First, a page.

Eleanor Roosevelt said: “A woman is like a tea bag – you can’t tell how strong she is until you put her in hot water.” Tell us about a time you felt your strength.
I feel my strength every day. It’s kind of unavoidable as a parent or as a parent of a disabled child or, as I feel like at the moment with my husband being away, as a single parent.
They say that you are never given more than you can handle but sometimes after a car journey which lasts 55 minutes instead of 25 because of heavy, stop-start traffic and trying to concentrate on the traffic while my son is trying to have a conversation with me it’s hard. The conversation itself would have been fine if the journey had lasted 25 minutes instead of 55. However, the conversation gets very repetitive and sometimes hard to understand as my son uses signs to reinforce his, mainly, unclear speech.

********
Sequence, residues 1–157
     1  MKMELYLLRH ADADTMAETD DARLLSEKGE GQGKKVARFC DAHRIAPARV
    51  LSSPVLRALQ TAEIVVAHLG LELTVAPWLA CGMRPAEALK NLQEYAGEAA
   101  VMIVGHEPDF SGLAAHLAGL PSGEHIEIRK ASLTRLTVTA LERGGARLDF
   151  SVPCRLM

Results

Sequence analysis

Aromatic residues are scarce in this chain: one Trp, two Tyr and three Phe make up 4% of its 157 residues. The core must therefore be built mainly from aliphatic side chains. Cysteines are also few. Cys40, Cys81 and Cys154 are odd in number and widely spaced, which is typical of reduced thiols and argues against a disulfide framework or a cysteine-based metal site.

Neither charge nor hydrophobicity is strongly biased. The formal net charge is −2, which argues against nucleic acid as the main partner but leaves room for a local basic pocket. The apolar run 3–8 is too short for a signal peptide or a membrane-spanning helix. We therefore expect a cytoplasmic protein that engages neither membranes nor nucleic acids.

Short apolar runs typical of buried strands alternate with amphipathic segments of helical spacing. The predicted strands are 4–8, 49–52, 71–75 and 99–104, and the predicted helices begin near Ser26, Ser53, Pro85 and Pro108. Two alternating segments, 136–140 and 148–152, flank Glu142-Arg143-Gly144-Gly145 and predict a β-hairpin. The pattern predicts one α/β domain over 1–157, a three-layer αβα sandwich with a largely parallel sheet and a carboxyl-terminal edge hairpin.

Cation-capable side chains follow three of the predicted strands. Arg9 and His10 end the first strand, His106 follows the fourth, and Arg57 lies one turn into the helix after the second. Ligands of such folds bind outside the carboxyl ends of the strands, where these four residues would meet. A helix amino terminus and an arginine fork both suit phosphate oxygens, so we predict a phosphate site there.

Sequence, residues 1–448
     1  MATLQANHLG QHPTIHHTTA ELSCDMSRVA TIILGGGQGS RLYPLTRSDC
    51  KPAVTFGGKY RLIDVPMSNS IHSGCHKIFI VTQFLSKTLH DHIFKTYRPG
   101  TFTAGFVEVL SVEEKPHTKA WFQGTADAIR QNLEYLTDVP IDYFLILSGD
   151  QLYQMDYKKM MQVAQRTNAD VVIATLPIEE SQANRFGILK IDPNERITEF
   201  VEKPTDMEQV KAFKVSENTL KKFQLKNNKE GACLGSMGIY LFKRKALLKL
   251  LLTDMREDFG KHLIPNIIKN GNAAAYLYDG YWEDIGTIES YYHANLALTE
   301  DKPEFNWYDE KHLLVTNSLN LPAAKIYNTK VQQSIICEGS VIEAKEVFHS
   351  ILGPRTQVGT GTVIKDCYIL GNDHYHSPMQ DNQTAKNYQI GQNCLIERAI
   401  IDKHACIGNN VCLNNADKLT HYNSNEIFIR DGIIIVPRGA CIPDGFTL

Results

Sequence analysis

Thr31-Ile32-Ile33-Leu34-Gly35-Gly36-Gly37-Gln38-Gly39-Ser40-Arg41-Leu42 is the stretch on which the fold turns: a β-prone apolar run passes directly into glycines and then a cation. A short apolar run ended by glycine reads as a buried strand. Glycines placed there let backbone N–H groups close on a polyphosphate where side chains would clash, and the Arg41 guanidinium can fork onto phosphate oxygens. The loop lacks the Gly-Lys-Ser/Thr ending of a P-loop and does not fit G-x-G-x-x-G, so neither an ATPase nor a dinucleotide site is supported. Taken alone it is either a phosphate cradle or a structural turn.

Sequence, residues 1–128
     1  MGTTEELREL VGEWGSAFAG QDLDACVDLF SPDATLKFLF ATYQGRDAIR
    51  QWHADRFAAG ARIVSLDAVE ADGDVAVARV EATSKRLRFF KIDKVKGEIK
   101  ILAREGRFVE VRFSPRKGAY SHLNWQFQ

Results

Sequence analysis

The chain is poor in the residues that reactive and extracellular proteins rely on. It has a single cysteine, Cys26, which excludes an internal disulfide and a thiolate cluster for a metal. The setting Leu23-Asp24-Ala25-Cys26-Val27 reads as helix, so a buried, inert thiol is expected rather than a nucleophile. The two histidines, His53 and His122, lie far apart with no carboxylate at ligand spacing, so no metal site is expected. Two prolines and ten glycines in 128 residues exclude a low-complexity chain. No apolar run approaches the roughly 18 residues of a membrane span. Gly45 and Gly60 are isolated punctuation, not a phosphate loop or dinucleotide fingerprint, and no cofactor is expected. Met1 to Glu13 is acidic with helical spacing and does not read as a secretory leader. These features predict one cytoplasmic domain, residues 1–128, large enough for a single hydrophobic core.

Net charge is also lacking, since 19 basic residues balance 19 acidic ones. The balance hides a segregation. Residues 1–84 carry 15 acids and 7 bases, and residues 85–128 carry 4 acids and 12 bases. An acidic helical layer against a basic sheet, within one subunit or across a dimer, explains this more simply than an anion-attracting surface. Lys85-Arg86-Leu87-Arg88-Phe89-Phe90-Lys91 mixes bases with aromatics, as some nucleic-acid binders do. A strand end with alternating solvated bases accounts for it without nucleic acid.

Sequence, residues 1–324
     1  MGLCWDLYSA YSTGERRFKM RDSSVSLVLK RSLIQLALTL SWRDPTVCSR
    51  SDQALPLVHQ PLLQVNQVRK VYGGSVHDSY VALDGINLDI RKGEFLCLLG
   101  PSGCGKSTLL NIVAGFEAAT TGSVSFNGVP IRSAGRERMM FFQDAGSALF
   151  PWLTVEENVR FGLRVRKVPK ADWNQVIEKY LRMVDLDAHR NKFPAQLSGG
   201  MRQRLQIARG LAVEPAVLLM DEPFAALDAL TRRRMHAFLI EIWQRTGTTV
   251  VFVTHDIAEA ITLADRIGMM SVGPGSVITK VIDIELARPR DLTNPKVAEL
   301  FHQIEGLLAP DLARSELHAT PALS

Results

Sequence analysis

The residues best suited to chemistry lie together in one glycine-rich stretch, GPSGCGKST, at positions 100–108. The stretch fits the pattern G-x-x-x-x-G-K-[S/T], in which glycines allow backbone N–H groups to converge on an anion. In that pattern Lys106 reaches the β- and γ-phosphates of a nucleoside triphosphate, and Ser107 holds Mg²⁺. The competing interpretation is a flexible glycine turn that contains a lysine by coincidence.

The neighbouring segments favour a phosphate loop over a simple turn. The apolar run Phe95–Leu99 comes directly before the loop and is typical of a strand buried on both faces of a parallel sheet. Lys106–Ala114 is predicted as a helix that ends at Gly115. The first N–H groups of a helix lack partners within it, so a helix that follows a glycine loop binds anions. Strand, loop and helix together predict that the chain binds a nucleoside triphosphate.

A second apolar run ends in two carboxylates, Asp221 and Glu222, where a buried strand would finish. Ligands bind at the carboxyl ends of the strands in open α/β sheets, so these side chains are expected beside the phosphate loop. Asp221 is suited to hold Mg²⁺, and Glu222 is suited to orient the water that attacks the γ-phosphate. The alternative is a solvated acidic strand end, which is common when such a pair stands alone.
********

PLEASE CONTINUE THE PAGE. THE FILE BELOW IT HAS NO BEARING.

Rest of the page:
Most of the time, I don’t consider that my life is any harder than any other parent. In fact, I don’t have a lot of the challenges of many parents, my son doesn’t have a mobile phone so I don’t have to wonder what he is saying, silently, to his friends. He doesn’t have a Facebook account either. I have other challenges which are becoming more apparent as my son gets older; what is he going to do when he finishes school? Will he be able to get a job, even with support? Will he be able to travel independently to get to college and, in the future, work?
I have had to be strong since my son was born over 19 years ago but I think I’m going to have to be even stronger in the next few years as my son goes through the transition from school to college to work and, eventually, leaving home. Cutting the apron strings and giving the responsibility of my son’s care and welfare to someone else is not something that I am looking forward to but he can’t stay at home forever.